The Seven Deadly Habits of a DBA... and how to cure them

Written by Paul Vallee

Calling widespread bad habits in database administration "deadly" may seem extreme. However, when you considerrepparttar critical nature of most data, and just how damaging data loss or corruption can be to a corporation, "deadly" seems pretty dead-on.

Although these habits are distressingly common among DBAs, they are curable with some shrewd management intervention. What follows is a list ofrepparttar 137552 seven habits we considerrepparttar 137553 deadliest, along with some ideas on how to eliminate them.

Habit #1. THE LEAP OF FAITH: "We have faith in our backup."

Blind faith can be endearing, but not when it comes backing up a database. Backups should be trusted only as far as they have been tested and verified.

Cures: Have your DBAs verify thatrepparttar 137554 backup is succeeding regularly, preferably using a script that notifies them if there's an issue. Maintain a backup to your backup. DBAs should always use at least two backup methods. A common technique is to use those old-fashioned exports as a backup torepparttar 137555 online backups. Resource test recoveries as often as is practical. An early sign that your DBA team is either overworked or not prioritizing correctly is having a quarter go by without a test recovery. Test recoveries confirm that your backup strategy is on track, while allowing your team to practice recovery activities so they can handle them effectively whenrepparttar 137556 time comes.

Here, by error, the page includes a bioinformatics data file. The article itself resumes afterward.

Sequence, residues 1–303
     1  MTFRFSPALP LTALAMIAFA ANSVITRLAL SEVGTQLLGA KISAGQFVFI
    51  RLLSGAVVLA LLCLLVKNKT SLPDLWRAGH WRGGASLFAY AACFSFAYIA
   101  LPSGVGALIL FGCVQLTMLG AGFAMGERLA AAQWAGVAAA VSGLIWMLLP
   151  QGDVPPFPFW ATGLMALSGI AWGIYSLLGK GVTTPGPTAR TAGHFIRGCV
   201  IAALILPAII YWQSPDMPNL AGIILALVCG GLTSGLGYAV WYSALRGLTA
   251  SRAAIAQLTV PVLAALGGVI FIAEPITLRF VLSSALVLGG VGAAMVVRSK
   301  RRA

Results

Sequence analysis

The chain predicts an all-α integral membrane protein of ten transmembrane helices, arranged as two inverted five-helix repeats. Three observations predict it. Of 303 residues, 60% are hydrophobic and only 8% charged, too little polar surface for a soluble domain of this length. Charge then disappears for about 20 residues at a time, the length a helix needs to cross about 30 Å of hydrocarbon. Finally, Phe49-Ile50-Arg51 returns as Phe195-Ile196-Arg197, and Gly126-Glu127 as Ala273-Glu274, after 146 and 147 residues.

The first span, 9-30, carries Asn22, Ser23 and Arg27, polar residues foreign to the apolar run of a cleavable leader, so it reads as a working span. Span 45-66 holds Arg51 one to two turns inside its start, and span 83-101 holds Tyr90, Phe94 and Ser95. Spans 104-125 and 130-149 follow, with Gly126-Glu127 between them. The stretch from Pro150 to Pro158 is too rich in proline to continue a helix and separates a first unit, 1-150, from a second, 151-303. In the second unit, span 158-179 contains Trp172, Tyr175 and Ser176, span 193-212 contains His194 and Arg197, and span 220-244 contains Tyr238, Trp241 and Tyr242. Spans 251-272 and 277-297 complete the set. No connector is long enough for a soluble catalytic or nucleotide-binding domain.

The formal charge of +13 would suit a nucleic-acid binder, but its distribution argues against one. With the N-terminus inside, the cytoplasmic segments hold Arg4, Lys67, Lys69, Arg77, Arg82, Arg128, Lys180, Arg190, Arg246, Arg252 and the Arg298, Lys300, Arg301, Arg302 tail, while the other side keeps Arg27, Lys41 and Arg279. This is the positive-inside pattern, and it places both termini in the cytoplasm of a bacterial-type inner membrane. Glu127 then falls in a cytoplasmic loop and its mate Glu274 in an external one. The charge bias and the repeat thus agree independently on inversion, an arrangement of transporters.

Habit #2. GREAT EXPECTATIONS: "It will workrepparttar 137557 way we expect it to. Let's go ahead."

Although not user friendly inrepparttar 137558 traditional sense, Oracle is very power-user friendly— once you've been working with it for a while, you develop an instinct forrepparttar 137559 way things "should" work. Although that instinct is often right, one ofrepparttar 137560 most dangerous habits any DBA can possess is an assumption that Oracle will "just work"repparttar 137561 way it should.

Cures: Inculcate a "practice, practice, practice" mentality throughoutrepparttar 137562 organization. DBAs need to rehearse activities inrepparttar 137563 safe sandbox of a test environment that's designed to closely mimicrepparttar 137564 behaviour ofrepparttar 137565 production system. The organization needs to allowrepparttar 137566 time and money for them to do so. Pair inexperienced DBAs with senior ones whenever possible—or take them under your own wing. New DBAs tend to be fearless, but learning from someone else's experience can help instill some much needed paranoia. Reviewrepparttar 137567 plans for everything. It's amazing how often DBAs say, "I've done that a hundred times, I don't need a plan." If they're heading into execution mode, they absolutely need a plan.

Habit #3. LAISSEZ-FAIRE ADMINISTRATION: "We don't need to monitorrepparttar 137568 system. The users always let us know when something's wrong."

If you depend onrepparttar 137569 users to informrepparttar 137570 DBA team that there's a problem, it may already be too late.

Cures: Install availability and performance monitoring systems so that issues are identified and resolved before they cause service-affecting failures. Avoid post-release software issues by working with developers and testers to ensure that all production-ready software is stable and high-performance.